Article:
Keep an Eye Open for These Signs of Diabetes


Diabetes is often called the silent killer because many of the symptoms are subtle, and people can be exposed to the effects for years before serious problems develop.  However, there are some tell-tale signs that we can observe that may indicate the body is not processing sugar properly.  Let’s take a look at some of the top indicators in order to identify the problem and take corrective action as quickly as possible.


Frequent Urination

The average person urinates anywhere from 5-10 times per day depending on their fluid intake and lifestyle.  People who have excess sugar in their blood will urinate more-often, and they also tend to feel a persistent sense of thirst.  This is because the kidneys draw out water from cells in order to flush excess sugar from the body, and the body gets tricked into thinking that it is becoming dehydrated.  If you find yourself peeing and having thirst more than usual, consider testing your blood sugar.


Chronic Fatigue

Diabetes creates a feeling of weakness and fatigue as fluctuating blood sugar levels wreak havoc on our metabolism.  Cells are unable to process sugar to convert it to energy, and they end up functioning far below optimal levels.  Additionally, the dehydration that is precipitated by frequent urination also contributes to feelings of lethargy and malaise as well.


Blurred Vision

Diabetes influences how fluids are regulated throughout the body, and they eyes are no exception.  Fluids accumulate around the lens and alter its shape, and this causes distortions in vision.  Fortunately, many eye-related problems associated with diabetes are reversible as long as blood sugar levels are regulated properly.  Consequently, you may have diabetes if you start to notice periodic blurry vision that goes away after you eat well.


Dry Skin

Persistent and unusual bouts with dry, itchy skin is also a common sign of diabetes.  This is usually caused by dehydration as well as nutritional deficits within skin cells.   Again, symptoms will vary depending on diet and how well the body regulates sugar.


Wounds That Don’t Heal

Diabetes leads to tissue inflammation as well as poor circulation.  Both of these contribute to the slow-healing of wounds that is common in those who have severe diabetes.  Many of these wounds lead to infections that can be so destructive that surgery or even amputation is necessary in order to protect the patient.  If you start to notice that it’s taking longer for wounds to heal, it may be an indication that you’re in the early stages of diabetes.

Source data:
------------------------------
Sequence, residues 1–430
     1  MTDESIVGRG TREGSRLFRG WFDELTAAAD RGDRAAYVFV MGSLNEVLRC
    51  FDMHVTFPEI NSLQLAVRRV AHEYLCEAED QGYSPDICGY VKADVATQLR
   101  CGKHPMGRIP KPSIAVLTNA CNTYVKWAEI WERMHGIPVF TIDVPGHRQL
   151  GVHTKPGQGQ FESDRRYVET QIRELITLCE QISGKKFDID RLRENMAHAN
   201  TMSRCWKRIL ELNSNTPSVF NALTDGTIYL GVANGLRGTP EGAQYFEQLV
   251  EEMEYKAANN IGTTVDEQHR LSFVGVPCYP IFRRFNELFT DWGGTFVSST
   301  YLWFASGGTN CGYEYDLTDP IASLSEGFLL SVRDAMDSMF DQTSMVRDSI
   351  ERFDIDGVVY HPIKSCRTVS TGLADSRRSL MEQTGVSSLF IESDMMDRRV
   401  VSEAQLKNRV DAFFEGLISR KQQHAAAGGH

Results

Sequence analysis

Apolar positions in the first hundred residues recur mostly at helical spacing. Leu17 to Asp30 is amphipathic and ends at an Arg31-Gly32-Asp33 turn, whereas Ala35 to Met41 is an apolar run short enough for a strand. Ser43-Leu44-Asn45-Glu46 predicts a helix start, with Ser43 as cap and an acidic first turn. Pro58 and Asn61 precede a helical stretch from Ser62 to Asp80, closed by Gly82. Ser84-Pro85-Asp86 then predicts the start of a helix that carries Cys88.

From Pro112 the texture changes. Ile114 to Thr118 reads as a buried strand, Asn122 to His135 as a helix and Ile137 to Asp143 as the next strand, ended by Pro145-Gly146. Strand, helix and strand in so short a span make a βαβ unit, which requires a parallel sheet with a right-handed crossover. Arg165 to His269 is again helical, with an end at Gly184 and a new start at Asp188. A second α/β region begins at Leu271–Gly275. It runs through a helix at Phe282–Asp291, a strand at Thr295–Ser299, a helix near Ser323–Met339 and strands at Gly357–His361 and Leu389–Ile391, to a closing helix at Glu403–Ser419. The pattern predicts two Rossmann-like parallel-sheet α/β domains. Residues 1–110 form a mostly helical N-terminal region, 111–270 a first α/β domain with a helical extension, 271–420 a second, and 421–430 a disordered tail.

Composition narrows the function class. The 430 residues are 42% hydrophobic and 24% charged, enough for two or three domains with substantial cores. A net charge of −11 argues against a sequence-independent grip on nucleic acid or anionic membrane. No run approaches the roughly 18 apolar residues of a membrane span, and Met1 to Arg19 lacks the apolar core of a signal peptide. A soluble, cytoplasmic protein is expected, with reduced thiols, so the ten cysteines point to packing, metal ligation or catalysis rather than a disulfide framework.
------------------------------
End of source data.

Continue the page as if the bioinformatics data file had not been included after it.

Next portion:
Problems in Extremities

Diabetes contributes to nerve as well as circulatory problems, and the first parts of the body to feel the effects are usually the hands and feet.  This is because these areas are farthest from the heart, and they also contain a high concentration of nerve endings.  Tingling, numbness, burning, pain, redness and swelling are a few examples of common signs to look for.


Mood Swings

People with low blood sugar will tend to become more-irritable as levels deviate from the norm.  However, irritability tends to go away once sugar levels have been stabilized.  If you, or someone you know, is on an emotional roller coaster that is somehow tied with eating, then diabetes may be the cause.


Keep in mind that these are just general symptoms that may be indicators of diabetes.  However, it’s a lot easier, and more-accurate, to test the blood to determine if spikes and drops in sugar levels are occurring.  It’s also worth mentioning that catching diabetes early, and making necessary lifestyle changes, can cause many of these symptoms to go away on their own as the body heals itself.  However, ignoring the problem can lead to irreversible damage that may have life-threatening ramifications.


Remember that the vast majority of people develop diabetes through a combination of eating a poor diet and not getting enough exercise.  While these things can be easy to change now, our options may be much more limited during a crisis.  This is why it’s so important to make sure that our emergency food supplies are nutritionally-balanced to minimize the chances of diabetes being a problem in a long-term survival situation.


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